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SciTech Tuesday: The National WWII Museum’s 2016 Robotics Challenge

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The theme of the 4th Annual National WWII  Robotics Challenge was Can Do! That was the motto of the Seabees in World War II. The Seabees (officially they were the United States Naval Construction Force) built bases, airstrips, and all sorts of things, especially in the Pacific Theater. Their nickname came from the fact that they were organized in Construction Battalions. Their average age was older than most of the military, because these were experienced construction workers and working engineers given this special assignment.

The war in the Pacific, which is the focus of The National WWII Museum’s newest gallery, The Road to Tokyo, held many challenges. The volcanic islands, the vast expanses of ocean between them, the lack of infrastructure (or the destroyed infrastructure), volcanoes and earthquakes–all made the logistics of this campaign a great challenge. Robotics was not really a part of World War II, but solving problems by extending the abilities of current technology was. Today, robotics is a great way to extend the abilities of technology, and it is a way to engage young people in learning to solve problems with STEM (Science, Technology, Engineering, and Mathematics).

The Robotics Challenge has two parts–A Design Project and the Robot Competition–and involves teams of up to 10 3rd-8th grade students.

In the Robot Competition, students use Lego Mindstorms robots to accomplish a series of tasks. They program their robot to complete as many tasks as it can in 2 minutes and 30 seconds. This year the tasks included moving ships to a harbor, crossing the equator, and fighting malaria. The tasks use models and analogies to teach the history of WWII at the same time as they teach programming and problem-solving skills.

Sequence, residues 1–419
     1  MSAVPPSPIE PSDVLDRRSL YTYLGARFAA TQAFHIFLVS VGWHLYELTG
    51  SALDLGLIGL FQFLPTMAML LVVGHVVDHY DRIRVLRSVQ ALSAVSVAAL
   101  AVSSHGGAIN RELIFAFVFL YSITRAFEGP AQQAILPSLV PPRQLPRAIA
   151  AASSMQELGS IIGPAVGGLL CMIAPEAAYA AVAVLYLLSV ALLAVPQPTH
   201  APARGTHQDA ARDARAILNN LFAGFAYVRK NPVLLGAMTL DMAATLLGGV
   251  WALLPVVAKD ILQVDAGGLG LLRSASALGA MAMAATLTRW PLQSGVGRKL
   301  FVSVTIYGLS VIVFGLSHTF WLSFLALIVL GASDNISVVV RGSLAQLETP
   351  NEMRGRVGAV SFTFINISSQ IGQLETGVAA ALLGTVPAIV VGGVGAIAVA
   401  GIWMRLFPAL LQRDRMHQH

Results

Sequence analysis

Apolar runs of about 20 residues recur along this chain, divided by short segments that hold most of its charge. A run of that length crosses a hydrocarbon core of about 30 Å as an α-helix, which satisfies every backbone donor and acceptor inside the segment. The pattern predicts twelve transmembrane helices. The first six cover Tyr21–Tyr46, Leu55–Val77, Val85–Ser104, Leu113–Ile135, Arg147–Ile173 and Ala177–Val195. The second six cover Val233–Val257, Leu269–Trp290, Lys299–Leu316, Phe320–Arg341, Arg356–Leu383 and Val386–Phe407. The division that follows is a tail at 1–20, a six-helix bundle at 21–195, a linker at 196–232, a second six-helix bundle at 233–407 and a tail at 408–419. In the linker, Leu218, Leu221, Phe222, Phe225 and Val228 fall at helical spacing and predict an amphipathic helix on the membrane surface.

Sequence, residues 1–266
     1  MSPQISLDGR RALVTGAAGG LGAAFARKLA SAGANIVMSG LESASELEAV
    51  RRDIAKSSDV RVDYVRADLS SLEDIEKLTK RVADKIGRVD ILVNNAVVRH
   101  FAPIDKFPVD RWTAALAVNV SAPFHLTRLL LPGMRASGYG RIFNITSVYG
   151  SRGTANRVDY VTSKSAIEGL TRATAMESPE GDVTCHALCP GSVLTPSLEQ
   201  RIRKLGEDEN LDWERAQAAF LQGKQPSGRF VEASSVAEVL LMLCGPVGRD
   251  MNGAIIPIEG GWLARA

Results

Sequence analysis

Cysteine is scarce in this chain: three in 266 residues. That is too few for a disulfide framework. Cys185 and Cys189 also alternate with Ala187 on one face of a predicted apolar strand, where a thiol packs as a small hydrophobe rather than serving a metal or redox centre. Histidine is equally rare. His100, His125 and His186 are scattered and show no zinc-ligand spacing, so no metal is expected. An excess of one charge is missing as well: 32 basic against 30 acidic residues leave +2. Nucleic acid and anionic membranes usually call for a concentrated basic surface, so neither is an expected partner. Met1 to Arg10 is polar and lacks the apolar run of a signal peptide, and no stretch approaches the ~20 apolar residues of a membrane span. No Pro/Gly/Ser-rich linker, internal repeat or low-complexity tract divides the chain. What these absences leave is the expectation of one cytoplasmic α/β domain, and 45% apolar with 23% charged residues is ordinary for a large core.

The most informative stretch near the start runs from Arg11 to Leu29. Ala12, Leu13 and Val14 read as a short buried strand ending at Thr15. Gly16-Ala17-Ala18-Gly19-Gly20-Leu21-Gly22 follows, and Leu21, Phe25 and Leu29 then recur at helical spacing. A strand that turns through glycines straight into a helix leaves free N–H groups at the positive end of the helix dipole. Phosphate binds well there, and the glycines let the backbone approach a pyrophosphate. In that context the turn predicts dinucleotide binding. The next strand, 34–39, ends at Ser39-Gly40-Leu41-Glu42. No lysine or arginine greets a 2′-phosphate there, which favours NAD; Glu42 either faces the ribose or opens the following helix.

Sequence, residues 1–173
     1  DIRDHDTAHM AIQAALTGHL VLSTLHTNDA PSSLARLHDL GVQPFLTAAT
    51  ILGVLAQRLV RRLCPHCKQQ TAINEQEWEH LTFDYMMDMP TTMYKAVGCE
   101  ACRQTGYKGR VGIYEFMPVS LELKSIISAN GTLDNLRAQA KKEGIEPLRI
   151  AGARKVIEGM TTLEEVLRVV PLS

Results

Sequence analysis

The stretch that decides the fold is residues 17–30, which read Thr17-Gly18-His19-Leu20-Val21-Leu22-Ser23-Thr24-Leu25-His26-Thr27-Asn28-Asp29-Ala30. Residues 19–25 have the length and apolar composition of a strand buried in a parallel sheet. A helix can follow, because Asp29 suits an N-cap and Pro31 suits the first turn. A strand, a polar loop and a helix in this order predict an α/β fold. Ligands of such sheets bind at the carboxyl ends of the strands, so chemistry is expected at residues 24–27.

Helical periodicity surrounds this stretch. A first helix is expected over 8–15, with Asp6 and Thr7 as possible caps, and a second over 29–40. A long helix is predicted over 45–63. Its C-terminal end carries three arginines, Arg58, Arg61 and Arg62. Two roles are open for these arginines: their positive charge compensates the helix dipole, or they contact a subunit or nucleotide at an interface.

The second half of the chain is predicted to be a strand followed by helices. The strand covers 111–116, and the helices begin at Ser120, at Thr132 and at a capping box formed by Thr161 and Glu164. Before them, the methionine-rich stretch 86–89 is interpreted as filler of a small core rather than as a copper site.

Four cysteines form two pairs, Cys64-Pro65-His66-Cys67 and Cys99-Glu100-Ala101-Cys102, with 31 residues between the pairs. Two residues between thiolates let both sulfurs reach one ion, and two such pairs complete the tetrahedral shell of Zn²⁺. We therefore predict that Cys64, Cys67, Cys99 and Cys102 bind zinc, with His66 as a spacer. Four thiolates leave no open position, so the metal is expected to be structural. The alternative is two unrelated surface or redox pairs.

The Design Project this year asked students to design a Rhino Ferry with a limited range of supplies. Rhino Ferries were pontoons, basically sections of pontoon bridges or harbors, with engines on them. They had to test and redesign until they came up with a final design, and to propose a cost and construction plan. This project helps build student skills in STEM that might not be used as much in the competition.

We wouldn’t have been able to have had a successful challenge without the help of a dedicated and enthusiastic team of volunteers, who assisted The National WWII Museum’s Education  staff in running this event. In particular, Chevron (which also provided major funding for the challenge) sent many volunteers. The robotics team from Fontainebleu High School served as referees, and this was a crucial assist.

Forty teams participated in the 2016 Robotics Challenge–36 made it to Challenge Day. I think all of us AND all  of them are winners, since we are preparing these youngsters for the future. The winners in each category of awards are listed below.

Rhino Ferry Project

  1. Gretna No. 2–Barrow’s Bravehearts
  2. Phyllis Wheatley–761st Tank Division
  3. St. George Episcopal–Higgin’s Heroes

Robot Design and Process

  1. After the Bell Robotics–Legotrons
  2. Madisonville Jr High
  3. Faith Christian Academy

Robotics Competition

  1. TIE Patrick Taylor Academy–TIE Fighters and Central Alabama Community College–Legonators
  2. Faith Christian Academy
  3. Girl Scouts of Louisiana East–The B7 Teens

Special Award

Metairie Park Country Day School–The CDs (outstanding work by a very young team)

Grand Champions

Girl Scouts of Louisiana East–The B7 Teens (all around excellence and amazing teamwork)

Posted by Rob Wallace, STEM Education Coordinator at The National WWII Museum.

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